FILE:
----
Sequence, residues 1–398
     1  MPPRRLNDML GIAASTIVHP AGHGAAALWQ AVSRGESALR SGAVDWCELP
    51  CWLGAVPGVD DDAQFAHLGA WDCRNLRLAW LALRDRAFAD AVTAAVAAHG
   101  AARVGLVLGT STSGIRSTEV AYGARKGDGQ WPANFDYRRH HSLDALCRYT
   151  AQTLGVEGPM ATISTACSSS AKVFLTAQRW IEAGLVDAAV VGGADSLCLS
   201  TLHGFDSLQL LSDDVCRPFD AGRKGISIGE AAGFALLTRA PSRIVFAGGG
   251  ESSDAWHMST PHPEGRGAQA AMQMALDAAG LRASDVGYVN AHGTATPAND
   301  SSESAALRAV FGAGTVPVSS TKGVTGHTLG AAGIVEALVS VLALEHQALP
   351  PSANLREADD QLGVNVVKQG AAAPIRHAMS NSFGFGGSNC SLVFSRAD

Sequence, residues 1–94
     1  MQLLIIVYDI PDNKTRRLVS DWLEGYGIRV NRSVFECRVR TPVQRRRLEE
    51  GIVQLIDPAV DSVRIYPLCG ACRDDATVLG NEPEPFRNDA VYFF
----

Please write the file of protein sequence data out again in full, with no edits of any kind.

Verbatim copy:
Sequence, residues 1–398
     1  MPPRRLNDML GIAASTIVHP AGHGAAALWQ AVSRGESALR SGAVDWCELP
    51  CWLGAVPGVD DDAQFAHLGA WDCRNLRLAW LALRDRAFAD AVTAAVAAHG
   101  AARVGLVLGT STSGIRSTEV AYGARKGDGQ WPANFDYRRH HSLDALCRYT
   151  AQTLGVEGPM ATISTACSSS AKVFLTAQRW IEAGLVDAAV VGGADSLCLS
   201  TLHGFDSLQL LSDDVCRPFD AGRKGISIGE AAGFALLTRA PSRIVFAGGG
   251  ESSDAWHMST PHPEGRGAQA AMQMALDAAG LRASDVGYVN AHGTATPAND
   301  SSESAALRAV FGAGTVPVSS TKGVTGHTLG AAGIVEALVS VLALEHQALP
   351  PSANLREADD QLGVNVVKQG AAAPIRHAMS NSFGFGGSNC SLVFSRAD

Sequence, residues 1–94
     1  MQLLIIVYDI PDNKTRRLVS DWLEGYGIRV NRSVFECRVR TPVQRRRLEE
    51  GIVQLIDPAV DSVRIYPLCG ACRDDATVLG NEPEPFRNDA VYFF